1957 Ford Consul II
1957 Ford Consul II. Click image to enlarge

Story and photo by Bill Vance

When the Ford Motor Company started sending its “captive imports” to North America from England in the late 1940s they were pretty basic cars. The two-door Anglia and the four-door Prefect had engineering that was left over from the 1930s. Tiny long-stroke, side-valve fours, mechanical brakes, and solid front axlessuspended on transverse leaf springs were marginal for our driving conditions. They did, however, give good fuel economy.

That changed in 1950 with the introduction of the new four-cylinder Consul and six-cylinder Zephyr models. They were thoroughly modern designs which have the distinction of introducing the world to the MacPherson strut front suspension. They also had suspended brake and clutch pedals, a feature that would spread through the industry. The consul was influenced by American styling, and was a pleasant and satisfying car to drive in spite of its modest 47 horsepower.

In 1956 Ford replaced the Consul with the Consul II, which appeared even more Americanized than the first one. It looked for all the world like a slightly smaller American Ford of a few years earlier. There was also a sister six-cylinder Zephyr, and a more luxurious Zodiac. They all came as a four-door sedan, two-door convertible or station wagon.

The Consul II had unit construction and a full envelope body with horizontal lines, slightly hooded headlamps and vestigial tailfins. Its large windows provided good visibility and its wide, cross-hatched grille somewhat resembled that of the Ford Thunderbird. Overall it was an attractive and well proportioned car.

When Road & Track magazine tested the Consul II sedan in February 1957 they were very pleased with its overall packaging and compact size. As they noted, “What Dearborn doesn’t have, Dagenham does.” Dagenham was Ford’s large assembly plant in Dagenham, Essex, near London, that had opened in 1932. Dearborn, Michigan is Ford’s U.S. headquarters.

R & T liked the fact that the Consul II could be “an extremely practical car for moderate income Americans that could serve either as a full-status family sedan, or a light, economical second car for more affluent households.”

The Consul II had a wheelbase of 2,654 mm (104.5 in.), and an overall length of 4,369 m (172 in.), which made it smaller than any American car, although the revived 1958 American Motors Rambler American had a 2,540 mm (100 in.) wheelbase, and the 1959 Studebaker Lark would only be 4,445 mm (175 in.) long.

The Consul II stood in stark contrast to the American Ford, which the company proudly proclaimed was “over 17 feet long” (204 in., or 5,182 mm). In spite of this the Consul II could seat up to six people in reasonable comfort, and carry their luggage in its ample trunk. The 1,152 kg (2,540 lb) sedan rode on small 5.90-13 inch tires.

Power came from an oversquare (larger bore than stroke) 1.7-litre, overhead valve inline four-cylinder engine that developed 59 horsepower. It drove the rear wheels through a column shifted, three-speed manual transmission.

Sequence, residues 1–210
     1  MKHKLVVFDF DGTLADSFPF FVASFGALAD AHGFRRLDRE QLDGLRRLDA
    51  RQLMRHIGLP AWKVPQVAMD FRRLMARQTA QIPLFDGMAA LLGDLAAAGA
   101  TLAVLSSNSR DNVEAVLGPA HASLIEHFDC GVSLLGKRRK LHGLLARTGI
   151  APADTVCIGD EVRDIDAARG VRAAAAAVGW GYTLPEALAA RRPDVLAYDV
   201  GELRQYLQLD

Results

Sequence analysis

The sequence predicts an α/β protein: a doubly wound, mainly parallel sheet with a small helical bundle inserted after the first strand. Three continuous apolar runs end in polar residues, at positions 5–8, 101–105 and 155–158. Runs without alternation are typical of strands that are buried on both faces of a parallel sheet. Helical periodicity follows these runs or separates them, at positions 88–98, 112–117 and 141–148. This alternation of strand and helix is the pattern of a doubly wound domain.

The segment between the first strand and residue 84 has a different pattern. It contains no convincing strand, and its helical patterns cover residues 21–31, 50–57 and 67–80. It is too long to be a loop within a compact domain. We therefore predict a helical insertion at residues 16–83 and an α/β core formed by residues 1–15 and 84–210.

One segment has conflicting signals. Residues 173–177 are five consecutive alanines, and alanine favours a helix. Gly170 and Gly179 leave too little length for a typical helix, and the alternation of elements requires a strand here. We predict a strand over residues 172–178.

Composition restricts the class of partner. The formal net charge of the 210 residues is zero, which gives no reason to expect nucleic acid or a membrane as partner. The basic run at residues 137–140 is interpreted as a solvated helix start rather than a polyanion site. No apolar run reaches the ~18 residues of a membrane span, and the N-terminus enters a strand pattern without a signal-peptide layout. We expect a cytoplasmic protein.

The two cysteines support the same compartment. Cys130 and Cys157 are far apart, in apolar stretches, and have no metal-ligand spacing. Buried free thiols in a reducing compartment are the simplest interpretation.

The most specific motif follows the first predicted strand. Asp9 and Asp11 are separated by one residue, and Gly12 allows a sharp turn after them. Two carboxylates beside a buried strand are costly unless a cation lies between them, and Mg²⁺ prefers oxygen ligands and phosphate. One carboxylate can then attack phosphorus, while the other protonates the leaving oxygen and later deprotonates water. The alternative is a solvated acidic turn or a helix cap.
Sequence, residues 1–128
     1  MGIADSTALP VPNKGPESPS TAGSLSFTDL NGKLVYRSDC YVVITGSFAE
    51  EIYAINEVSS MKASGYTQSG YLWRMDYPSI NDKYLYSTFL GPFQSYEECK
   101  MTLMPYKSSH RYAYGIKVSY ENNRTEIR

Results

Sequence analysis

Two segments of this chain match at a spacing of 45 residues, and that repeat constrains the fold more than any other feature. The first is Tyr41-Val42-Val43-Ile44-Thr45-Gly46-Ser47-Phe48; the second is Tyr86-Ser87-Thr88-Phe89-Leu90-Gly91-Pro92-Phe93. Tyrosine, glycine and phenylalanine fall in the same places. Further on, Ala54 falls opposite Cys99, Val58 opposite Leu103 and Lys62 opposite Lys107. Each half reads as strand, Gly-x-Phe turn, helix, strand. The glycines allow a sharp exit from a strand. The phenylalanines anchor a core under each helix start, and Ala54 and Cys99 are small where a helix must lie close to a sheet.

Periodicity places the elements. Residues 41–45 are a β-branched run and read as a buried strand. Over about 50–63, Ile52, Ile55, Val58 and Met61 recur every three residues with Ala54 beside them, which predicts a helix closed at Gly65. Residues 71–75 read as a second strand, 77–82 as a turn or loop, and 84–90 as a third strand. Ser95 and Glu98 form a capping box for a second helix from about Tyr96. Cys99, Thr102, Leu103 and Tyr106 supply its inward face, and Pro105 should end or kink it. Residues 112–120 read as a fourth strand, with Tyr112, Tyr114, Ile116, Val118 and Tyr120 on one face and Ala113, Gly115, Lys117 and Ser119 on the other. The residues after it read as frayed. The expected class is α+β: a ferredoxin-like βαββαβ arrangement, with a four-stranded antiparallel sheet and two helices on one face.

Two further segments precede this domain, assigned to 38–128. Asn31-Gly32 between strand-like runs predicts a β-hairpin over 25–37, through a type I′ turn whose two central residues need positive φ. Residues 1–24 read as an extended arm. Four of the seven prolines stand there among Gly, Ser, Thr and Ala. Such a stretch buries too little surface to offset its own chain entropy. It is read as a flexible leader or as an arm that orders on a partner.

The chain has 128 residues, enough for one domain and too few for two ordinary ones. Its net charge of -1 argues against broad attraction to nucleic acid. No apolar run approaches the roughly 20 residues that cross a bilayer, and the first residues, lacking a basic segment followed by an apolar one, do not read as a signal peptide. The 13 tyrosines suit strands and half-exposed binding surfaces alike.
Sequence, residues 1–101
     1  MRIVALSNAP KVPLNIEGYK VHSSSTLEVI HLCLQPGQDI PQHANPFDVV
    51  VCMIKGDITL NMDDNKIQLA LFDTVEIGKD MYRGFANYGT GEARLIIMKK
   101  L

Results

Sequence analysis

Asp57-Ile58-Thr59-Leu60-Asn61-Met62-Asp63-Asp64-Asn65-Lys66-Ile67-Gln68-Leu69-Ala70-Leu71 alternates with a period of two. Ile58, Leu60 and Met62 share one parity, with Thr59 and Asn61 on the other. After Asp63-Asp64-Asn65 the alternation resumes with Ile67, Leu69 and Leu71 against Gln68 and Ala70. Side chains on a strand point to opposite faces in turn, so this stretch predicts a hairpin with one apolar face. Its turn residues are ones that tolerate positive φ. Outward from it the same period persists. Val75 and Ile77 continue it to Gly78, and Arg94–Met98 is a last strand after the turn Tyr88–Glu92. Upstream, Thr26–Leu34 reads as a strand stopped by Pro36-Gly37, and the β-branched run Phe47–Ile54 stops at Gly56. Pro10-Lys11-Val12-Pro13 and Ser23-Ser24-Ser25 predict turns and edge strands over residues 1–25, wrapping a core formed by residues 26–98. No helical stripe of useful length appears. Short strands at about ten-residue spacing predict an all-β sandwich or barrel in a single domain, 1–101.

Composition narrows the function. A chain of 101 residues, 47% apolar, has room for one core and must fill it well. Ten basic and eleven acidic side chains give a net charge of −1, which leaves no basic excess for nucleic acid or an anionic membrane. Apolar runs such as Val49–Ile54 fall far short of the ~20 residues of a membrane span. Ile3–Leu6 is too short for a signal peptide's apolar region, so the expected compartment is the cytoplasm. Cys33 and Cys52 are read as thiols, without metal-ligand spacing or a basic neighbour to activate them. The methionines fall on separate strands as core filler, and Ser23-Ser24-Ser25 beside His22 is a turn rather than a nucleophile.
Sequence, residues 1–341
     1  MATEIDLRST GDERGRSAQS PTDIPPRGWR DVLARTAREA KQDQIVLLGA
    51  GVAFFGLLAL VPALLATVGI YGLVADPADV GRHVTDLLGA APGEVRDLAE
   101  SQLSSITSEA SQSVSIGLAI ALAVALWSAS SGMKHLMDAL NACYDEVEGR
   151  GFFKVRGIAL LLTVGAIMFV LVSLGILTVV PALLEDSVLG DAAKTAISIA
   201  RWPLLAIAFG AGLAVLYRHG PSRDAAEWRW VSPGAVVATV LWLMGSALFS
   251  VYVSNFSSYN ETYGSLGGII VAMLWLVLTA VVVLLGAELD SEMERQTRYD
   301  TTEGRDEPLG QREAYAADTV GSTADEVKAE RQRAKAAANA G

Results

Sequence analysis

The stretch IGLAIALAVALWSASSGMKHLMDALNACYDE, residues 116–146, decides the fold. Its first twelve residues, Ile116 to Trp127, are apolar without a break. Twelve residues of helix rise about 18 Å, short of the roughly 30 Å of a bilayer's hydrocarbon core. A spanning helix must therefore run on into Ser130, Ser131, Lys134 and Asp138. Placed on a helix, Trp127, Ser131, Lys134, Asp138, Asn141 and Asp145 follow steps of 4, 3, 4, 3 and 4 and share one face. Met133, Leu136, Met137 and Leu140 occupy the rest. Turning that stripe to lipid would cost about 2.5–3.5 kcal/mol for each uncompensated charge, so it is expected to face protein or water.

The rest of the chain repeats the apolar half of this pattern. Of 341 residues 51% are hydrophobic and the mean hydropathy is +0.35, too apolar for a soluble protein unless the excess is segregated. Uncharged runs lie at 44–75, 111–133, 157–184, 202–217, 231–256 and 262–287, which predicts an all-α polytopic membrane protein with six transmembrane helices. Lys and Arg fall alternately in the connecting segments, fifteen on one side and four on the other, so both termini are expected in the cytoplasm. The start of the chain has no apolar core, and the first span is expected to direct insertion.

The testers found the crisp handling a welcome change from its American counterparts, reporting “a high degree of controllability and obedience over a wide range of road surfaces.”

Performance was moderate but adequate, with R&T recording zero to 96 km/h (60 mph) in 22.5 seconds and a top speed of 126 km/h (78.6 mph). Although they reported that “maintaining 70 mph (113 km/h) for highway cruising is no problem,” with the Consul II, it was really putting quite a strain on the engine, requiring it to spin at 4,200 rpm. It certainly cried out for a fourth gear, or overdrive, which would eventually become available.

The Consul II continued until 1961 with relatively few changes over its six year run. It did receive optional disc brakes in 1961, but otherwise stayed pretty well the same mechanically. It was replaced for 1962 by a new Consul with sculpted sides, four headlamps, small tailfins and a reverse slanting rear window. Overall, it lacked the balance and uncluttered look of the Consul II.

As the sale of smaller imported cars increased, the Big Three American auto manufacturers eventually recognized that there were many motorists that needed and wanted smaller, better handling, more economical cars. To meet this need they introduced their compacts for 1960. Ford’s was the Falcon, and thematically it followed the Consul II.

The Falcon was a spare, clean design with unit construction, an overhead valve engine in the front, although it was an inline six not a four, and a three-speed manual transmission sending power to the rear wheels. Now Dearborn also offered what Dagenham did, a sensible car for those who eschewed the huge, thirsty, V8 powered cars that had become a Detroit staple.

It would not be much of a stretch to conclude that Detroit was influenced by Dagenham’s Consul II. And if the Consul II did nothing more than that, it performed a valuable function by helping lead North America into more practically sized cars. That’s as good a reason as any for remembering those appealing English Fords, especially the Consul II.

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